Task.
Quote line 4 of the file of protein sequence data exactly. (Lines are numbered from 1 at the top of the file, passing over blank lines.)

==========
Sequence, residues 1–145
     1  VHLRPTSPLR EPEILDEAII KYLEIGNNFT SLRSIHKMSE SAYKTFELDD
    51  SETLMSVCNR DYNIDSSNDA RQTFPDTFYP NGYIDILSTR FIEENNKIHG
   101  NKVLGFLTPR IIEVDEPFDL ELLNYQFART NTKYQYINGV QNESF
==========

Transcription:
   101  NKVLGFLTPR IIEVDEPFDL ELLNYQFART NTKYQYINGV QNESF